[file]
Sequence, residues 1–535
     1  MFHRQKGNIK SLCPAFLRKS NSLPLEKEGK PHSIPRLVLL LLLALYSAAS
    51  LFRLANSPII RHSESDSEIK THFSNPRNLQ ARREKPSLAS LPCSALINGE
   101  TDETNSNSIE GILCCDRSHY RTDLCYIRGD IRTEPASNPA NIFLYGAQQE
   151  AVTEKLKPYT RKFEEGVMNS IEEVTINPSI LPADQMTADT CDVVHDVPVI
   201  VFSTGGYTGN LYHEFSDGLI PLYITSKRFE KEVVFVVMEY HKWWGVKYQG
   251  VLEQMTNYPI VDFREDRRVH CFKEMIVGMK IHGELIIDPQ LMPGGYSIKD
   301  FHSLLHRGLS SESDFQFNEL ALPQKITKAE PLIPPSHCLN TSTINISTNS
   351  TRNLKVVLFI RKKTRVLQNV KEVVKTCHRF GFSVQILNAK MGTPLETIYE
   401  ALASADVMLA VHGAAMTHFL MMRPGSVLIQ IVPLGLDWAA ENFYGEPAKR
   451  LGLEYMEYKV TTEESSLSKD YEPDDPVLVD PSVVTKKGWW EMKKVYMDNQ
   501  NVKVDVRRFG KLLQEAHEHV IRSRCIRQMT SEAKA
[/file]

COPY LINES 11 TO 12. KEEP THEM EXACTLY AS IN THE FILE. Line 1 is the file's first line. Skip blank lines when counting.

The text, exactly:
   451  LGLEYMEYKV TTEESSLSKD YEPDDPVLVD PSVVTKKGWW EMKKVYMDNQ
   501  NVKVDVRRFG KLLQEAHEHV IRSRCIRQMT SEAKA